Sunday 25 December 2016

Christmas among the Desert Fathers

Abba Jerome went to visit Abba Macarius. “A young monk has told me of a new custom in the cities,” said Abba Macarius. “They call it ‘Christmas’, but I cannot say how it concerns our Lord.”

“Show me this custom,” said Abba Jerome.

“I shall give you this rock,” said Abba Macarius, “for at Christmas people give things to each other.”

“So shall I give you this rock in return,” said Abba Jerome.

“Then they have a meal together,” said Abba Macarius, and in silence they ate their daily fragment of dry bread dipped in olive oil.

And so they celebrated Christmas.

To appear at Crap Mariner’s 100 Word Story Challenge.

Tuesday 20 December 2016

50 words

Hi there! Don't go!

Please, not just yet. You've only just picked me up.

I know, fifty words isn't much, but still, it's home to me.

Linger a while, won't you?

You can go back and reread, I'd like that.

Well, that's the whole story, see you again sometime?


Thursday 13 October 2016


Gad, the heat! And the drums, always the drums. The Colonel stood stiffly on the verandah, dressed in full leathers and a pink tutu, because dammit, one had to keep up standards. He rang to summon tea, then remembered that the native servants had all left weeks before, when the rains had not come. He glanced toward the inert computer in the corner, its power supply burnt out. Was the network still running out there, were the others still hanging on? The natives would know. They always knew. If only he knew what the drums were saying, the talking drums.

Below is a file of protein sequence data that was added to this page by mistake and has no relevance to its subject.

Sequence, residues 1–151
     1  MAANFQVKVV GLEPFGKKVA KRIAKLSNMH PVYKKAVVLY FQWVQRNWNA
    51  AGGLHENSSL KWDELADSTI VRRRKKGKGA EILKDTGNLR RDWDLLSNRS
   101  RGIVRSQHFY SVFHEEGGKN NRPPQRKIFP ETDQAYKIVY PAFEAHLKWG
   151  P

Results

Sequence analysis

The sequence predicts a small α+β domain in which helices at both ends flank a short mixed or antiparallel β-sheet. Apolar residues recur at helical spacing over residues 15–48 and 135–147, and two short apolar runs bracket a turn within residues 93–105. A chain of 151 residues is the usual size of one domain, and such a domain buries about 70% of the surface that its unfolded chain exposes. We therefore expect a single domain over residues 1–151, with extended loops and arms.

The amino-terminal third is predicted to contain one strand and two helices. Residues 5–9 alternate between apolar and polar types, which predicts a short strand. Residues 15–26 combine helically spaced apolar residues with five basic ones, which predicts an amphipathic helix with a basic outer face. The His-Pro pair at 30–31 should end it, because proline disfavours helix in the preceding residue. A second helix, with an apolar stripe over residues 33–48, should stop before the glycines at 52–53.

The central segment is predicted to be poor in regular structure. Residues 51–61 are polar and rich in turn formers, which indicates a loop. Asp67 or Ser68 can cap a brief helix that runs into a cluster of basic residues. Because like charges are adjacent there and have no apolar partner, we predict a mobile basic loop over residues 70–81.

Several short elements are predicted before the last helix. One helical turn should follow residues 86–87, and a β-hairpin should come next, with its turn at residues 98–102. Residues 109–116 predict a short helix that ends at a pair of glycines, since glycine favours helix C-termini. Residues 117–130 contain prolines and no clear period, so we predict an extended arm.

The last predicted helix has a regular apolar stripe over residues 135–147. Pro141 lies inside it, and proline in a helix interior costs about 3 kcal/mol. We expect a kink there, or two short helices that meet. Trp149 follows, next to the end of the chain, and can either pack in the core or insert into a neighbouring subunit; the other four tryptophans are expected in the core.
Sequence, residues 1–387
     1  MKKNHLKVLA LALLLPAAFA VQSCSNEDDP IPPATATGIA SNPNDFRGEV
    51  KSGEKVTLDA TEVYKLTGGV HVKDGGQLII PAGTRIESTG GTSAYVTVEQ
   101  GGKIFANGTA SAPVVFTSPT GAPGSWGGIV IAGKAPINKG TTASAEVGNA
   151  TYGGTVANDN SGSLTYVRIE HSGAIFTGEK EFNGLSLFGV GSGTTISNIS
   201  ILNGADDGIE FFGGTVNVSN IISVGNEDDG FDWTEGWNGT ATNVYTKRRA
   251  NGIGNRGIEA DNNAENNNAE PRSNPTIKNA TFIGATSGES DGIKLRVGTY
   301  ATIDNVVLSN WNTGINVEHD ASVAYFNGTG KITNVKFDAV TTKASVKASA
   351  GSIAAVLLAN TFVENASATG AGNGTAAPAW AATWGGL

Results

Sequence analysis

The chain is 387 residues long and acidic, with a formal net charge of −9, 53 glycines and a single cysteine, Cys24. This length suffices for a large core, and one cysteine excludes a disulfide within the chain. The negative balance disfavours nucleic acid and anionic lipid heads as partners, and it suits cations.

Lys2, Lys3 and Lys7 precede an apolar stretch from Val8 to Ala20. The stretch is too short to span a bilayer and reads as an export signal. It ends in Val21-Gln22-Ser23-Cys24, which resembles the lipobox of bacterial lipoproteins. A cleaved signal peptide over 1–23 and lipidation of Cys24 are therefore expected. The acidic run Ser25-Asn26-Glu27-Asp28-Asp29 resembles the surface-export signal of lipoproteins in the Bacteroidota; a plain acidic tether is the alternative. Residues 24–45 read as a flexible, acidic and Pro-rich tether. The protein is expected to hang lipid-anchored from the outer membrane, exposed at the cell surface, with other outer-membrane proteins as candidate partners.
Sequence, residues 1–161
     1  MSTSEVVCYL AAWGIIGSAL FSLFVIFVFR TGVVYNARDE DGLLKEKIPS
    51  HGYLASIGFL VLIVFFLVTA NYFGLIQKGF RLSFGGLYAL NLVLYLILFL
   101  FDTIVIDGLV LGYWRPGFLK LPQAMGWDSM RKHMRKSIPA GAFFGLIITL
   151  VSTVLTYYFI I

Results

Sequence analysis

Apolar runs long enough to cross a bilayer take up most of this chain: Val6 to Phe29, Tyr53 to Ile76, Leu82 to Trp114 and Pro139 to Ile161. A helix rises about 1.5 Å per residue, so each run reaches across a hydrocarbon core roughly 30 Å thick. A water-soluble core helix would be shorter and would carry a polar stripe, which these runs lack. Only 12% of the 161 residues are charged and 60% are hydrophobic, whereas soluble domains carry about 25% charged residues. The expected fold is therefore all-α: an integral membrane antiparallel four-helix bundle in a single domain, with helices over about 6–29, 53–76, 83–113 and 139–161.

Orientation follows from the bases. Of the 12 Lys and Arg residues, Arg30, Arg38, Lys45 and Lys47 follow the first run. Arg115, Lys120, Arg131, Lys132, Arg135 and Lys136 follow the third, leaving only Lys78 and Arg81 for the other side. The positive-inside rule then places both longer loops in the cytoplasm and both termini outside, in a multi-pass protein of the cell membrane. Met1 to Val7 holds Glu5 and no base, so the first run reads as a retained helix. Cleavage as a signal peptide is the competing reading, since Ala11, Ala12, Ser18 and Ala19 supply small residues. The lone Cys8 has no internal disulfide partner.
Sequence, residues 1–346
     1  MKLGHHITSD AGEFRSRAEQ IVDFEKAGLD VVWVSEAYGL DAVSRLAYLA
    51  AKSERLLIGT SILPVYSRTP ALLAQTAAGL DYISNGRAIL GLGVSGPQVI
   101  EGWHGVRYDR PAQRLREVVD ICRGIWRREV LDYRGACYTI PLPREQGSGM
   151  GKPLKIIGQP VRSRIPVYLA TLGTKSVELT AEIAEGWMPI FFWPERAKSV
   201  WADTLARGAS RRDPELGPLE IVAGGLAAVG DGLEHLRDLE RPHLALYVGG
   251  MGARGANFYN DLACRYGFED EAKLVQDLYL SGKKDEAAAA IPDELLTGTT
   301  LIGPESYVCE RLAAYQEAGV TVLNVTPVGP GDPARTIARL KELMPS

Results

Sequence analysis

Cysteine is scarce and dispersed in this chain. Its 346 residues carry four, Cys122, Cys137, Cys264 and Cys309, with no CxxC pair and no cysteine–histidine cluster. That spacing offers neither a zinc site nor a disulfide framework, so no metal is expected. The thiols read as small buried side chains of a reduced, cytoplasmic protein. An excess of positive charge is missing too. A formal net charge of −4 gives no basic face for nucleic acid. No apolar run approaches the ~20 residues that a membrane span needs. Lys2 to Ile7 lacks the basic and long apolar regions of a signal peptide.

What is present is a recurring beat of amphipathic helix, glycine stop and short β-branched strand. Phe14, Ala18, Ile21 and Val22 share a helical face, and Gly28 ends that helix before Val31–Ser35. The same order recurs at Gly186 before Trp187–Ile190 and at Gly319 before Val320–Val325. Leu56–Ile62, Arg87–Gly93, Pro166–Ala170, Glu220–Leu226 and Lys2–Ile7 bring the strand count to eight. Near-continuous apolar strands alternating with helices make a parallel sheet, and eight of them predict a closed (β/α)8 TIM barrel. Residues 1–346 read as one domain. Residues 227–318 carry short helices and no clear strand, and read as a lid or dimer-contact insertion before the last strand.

Image credit: eatswords

Friday 12 August 2016

The tailor who worked for the Queen of the Fairies

Once upon a time there was a tailor. He was a very good tailor indeed, and aspired to make clothes for the great aristocrats, or even the king himself. But he was of humble birth, and would never come to the attention of such people, unless he bribed their valets and chamberlains for an audience, for which he had neither the money nor the inclination. At last he decided to make the best robe he possibly could, and display it in his shop window, hoping to attract the attention of those he desired to serve.